Commonwealth Games

Chika Amalaha, 16, tests positive at Commonwealth Games

Sixteen-year-old Nigerian weightlifter Chika Amalaha failed a doping test after becoming the youngest ever female to win a Commonwealth Games gold medal in the sport, organizers said Tuesday.

Won weightlifting gold in women's 53-kg division

A 16-year-old Nigerian weightlifter failed a doping test after becoming the youngest ever female to win a Commonwealth Games gold medal in the sport, organizers said Tuesday.

Chika Amalaha has been provisionally suspended from the games after testing positive for diuretics and masking agents after winning the 53-kilogram division last Friday.

Amalaha's "A" sample contained amiloride and hydrochlorothiazide, which are both banned by the World Anti-Doping Agency. Amalaha asked for the backup "B" sample to be tested, which will happen in London on Wednesday.

"It shows we have a very robust anti-doping program in place," Commonwealth Games Federation chief executive Mike Hooper said. "It sends a strong message to anybody in any sport that if you go down the path of doping, any substance to enhance performance, they will be caught ... it's an ongoing battle."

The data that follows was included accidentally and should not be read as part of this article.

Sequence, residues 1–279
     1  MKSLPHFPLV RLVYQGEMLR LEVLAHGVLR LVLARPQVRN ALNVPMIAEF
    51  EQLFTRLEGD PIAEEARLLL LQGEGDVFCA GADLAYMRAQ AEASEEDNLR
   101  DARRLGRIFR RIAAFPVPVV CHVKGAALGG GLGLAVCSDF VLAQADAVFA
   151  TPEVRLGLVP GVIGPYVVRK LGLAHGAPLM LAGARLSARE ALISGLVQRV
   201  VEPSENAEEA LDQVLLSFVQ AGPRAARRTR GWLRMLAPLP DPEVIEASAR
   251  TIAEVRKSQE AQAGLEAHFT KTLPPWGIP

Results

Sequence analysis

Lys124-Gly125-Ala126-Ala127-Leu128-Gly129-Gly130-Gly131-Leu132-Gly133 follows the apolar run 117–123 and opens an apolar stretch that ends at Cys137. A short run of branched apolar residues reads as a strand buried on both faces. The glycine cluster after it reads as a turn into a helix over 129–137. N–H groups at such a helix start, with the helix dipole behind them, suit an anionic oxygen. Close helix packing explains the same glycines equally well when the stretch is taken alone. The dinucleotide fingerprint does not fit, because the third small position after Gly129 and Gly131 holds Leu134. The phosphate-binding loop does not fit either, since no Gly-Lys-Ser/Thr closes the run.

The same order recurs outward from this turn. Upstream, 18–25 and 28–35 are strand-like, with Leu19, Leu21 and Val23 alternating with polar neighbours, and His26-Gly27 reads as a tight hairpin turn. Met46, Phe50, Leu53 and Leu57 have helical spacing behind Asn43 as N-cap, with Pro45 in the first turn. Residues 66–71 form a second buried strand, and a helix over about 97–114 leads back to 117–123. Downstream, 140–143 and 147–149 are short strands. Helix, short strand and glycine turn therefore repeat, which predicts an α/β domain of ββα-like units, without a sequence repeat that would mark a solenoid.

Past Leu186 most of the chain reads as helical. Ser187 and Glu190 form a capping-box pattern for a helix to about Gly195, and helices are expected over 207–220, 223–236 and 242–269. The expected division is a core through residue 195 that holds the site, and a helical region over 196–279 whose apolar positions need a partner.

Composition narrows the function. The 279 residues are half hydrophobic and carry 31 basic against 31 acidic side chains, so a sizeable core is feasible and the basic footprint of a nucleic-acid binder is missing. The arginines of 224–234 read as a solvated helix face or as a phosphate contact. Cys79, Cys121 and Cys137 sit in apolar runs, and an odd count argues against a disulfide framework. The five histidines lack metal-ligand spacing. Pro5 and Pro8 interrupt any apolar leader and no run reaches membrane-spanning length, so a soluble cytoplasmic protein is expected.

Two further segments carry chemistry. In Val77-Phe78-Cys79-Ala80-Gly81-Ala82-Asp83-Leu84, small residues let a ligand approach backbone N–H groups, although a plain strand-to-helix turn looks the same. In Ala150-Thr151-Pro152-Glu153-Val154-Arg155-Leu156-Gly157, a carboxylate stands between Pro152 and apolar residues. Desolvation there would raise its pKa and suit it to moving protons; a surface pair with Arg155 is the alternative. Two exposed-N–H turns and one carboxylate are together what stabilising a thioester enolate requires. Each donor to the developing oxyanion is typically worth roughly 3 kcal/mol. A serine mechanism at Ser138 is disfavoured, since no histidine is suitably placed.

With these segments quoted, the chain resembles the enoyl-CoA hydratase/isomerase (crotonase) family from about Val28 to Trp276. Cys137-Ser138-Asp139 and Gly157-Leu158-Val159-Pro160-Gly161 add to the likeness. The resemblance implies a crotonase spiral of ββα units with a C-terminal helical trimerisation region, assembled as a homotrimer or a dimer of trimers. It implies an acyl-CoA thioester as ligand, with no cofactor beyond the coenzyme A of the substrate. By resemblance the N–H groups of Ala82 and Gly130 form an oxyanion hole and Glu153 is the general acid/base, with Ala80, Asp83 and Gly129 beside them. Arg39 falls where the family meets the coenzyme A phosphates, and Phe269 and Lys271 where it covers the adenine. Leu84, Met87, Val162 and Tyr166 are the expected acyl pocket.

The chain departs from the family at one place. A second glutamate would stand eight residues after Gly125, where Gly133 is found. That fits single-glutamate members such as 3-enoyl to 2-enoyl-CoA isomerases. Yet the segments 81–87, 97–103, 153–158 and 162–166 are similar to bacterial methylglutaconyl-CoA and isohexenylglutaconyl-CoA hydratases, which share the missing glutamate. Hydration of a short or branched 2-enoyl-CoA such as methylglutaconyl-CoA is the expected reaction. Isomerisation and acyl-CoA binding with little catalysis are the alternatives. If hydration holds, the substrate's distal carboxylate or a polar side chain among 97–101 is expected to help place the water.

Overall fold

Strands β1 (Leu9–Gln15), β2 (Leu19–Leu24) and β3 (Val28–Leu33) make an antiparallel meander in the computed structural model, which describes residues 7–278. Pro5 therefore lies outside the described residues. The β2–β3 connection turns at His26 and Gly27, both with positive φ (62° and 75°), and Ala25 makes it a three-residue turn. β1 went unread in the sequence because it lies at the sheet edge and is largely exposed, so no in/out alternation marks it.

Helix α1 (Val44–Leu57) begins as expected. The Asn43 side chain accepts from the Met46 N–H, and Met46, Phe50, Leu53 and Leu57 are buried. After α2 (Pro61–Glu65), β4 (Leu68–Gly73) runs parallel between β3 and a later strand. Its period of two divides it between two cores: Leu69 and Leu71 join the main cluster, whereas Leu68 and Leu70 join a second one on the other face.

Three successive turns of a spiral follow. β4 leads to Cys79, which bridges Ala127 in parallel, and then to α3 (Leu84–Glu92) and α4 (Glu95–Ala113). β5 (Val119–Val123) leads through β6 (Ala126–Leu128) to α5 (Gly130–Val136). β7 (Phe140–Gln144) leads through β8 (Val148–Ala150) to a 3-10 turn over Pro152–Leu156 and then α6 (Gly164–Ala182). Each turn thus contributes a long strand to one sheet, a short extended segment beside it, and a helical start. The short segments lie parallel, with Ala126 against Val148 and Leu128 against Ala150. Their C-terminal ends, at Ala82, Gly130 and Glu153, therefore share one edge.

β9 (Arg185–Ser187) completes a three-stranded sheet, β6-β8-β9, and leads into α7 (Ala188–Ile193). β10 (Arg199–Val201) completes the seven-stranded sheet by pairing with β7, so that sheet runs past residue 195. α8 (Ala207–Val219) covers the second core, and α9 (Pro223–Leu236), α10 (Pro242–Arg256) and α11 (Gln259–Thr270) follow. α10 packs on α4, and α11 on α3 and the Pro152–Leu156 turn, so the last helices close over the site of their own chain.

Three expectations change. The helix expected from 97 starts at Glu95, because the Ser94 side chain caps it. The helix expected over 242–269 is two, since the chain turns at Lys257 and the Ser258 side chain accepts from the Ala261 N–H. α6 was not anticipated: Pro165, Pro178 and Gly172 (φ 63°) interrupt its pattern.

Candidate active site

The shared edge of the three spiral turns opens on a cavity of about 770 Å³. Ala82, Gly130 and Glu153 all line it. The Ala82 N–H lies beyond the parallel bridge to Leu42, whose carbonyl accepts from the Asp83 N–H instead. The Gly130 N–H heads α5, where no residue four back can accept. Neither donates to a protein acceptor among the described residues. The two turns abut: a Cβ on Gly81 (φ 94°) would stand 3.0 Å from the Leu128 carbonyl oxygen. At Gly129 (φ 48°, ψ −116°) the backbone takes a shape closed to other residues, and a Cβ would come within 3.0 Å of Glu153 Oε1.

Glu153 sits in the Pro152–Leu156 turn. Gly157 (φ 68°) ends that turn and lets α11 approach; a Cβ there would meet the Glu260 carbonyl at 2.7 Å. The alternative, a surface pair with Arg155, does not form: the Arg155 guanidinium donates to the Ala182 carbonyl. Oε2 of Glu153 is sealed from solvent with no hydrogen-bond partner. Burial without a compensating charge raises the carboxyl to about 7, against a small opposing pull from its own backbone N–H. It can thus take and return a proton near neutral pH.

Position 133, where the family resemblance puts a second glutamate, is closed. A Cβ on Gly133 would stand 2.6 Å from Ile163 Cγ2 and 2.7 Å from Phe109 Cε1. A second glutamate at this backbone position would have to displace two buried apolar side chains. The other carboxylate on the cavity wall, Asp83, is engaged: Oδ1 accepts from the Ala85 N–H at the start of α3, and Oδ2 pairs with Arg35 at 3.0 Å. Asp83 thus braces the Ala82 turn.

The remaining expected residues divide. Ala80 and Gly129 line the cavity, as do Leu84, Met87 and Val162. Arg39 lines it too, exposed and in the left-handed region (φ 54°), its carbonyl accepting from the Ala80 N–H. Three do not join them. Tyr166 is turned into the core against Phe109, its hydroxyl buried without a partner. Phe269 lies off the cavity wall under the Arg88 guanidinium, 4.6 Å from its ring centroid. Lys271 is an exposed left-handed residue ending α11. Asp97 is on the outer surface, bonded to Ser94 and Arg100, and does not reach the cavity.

Amalaha would be stripped of the gold medal if the "B" sample also comes back positive.

Amalaha set Commonwealth Games records in her weight category with a total of 196 kilograms, breaking the previous mark of 188 kilograms.

Dika Toua of Papua New Guinea won silver and Santoshi Matsa of India earned the bronze.

Amalaha said last week that she took up weightlifting despite opposition at home.

"I started at the age of 12, but my family were strongly against me doing the sport at first," she said. "They kept me telling to stop doing it, but I persuaded them by getting a female coach.

"From then on, it was hard work, training, a lot of pain and dedication that got me here today. And now my family were in the audience and they are so excited and so proud."

Comments

To encourage thoughtful and respectful conversations, first and last names will appear with each submission to CBC/Radio-Canada's online communities (except in children and youth-oriented communities). Pseudonyms will no longer be permitted.

By submitting a comment, you accept that CBC has the right to reproduce and publish that comment in whole or in part, in any manner CBC chooses. Please note that CBC does not endorse the opinions expressed in comments. Comments on this story are moderated according to our Submission Guidelines. Comments are welcome while open. We reserve the right to close comments at any time.